While No More Deaths meets the needs of immgirants, they are forbidden to aid them in crossing, but in times of dire emergency they are instructed to call an on-call medical expert and, if need be, transport the seriously injured immigrant to the local hospital.  On July 9, 2005, however, two No More Deaths volunteers were arrested by the Border Patrol for transporting three border-crossers to a nearby hospital.  Daniel Strauss and Shanti Sellz were accused transporting and conspiring to transport undocumented immigrants, both felonies under US law. If convicted, they would have faced 15 years in prison and/or $500,000 in fines.  After more than a year, Judge Collins dismissed the charges in September 2006, stating that these two volunteers had followed pre-approved protocol and that further litigation would violate their Due Process rights under the Fourteenth Amendment. [Wikipedia]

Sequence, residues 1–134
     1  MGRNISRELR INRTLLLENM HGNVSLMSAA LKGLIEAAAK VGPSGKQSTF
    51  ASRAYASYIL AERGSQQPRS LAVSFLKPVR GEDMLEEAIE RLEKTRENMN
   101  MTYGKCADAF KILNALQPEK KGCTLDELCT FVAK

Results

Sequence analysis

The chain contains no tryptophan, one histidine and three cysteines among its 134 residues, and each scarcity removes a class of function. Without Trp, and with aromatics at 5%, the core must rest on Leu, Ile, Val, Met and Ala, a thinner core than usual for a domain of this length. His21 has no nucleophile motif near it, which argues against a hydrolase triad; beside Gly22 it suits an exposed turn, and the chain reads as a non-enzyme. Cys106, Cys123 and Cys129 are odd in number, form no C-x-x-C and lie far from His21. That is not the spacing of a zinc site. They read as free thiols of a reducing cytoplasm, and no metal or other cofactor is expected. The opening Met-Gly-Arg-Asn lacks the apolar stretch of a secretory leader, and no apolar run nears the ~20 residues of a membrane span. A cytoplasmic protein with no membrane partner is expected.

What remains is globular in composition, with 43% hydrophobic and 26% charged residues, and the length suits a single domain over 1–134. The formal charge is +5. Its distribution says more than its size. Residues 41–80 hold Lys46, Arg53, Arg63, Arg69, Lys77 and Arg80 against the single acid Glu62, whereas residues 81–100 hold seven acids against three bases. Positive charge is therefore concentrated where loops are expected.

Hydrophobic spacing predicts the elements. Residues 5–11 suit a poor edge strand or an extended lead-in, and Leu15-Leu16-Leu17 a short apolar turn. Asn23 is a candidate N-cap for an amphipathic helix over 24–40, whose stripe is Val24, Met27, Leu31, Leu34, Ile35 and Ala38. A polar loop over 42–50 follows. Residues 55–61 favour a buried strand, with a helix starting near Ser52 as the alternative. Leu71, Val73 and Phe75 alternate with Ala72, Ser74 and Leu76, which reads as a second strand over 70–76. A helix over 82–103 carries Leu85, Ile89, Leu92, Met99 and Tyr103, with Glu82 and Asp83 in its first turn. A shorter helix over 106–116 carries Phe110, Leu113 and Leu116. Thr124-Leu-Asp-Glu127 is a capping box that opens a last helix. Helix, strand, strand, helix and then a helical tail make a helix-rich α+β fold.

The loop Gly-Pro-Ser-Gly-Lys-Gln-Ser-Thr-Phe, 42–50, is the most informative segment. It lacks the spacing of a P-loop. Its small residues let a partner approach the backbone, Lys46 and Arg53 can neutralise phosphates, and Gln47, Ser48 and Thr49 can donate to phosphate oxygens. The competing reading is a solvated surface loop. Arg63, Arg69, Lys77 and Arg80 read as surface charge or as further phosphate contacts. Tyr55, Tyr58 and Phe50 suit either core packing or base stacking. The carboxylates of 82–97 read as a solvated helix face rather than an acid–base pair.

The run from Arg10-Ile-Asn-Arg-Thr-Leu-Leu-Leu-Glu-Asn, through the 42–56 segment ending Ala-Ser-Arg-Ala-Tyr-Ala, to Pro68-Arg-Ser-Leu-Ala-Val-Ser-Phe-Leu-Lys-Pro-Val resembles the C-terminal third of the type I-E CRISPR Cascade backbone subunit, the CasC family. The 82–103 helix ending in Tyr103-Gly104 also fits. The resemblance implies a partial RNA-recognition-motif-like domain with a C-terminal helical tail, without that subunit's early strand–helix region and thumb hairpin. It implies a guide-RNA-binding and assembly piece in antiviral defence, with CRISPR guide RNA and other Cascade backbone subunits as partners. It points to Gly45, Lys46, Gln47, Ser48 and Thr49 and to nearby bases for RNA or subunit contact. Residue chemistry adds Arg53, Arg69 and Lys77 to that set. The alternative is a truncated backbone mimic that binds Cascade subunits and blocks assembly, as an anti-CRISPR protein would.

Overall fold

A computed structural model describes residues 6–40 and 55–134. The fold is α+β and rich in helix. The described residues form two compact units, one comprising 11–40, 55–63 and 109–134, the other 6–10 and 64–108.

Currently, Dan Millis is appealing to the 9th Circuit to contest the Arizona ruling that he and other volunteers had littered by placing water jugs for migrants in the Buenos Aires National Wildlife Refuge.  Despite the five milk crates of trash the volunteers had picked up, they were issued citations by the US Fish & Wildlife Service officers.  Two days before, Millis had found the body of a 14-year-old girl who had died of exposure. As Dan Millis has said, ““We pick up trash, distribute food and water, and administer first aid to people who desperately need it. We are not criminals.” [Guntzel, Jeff Severens. Utne Reader]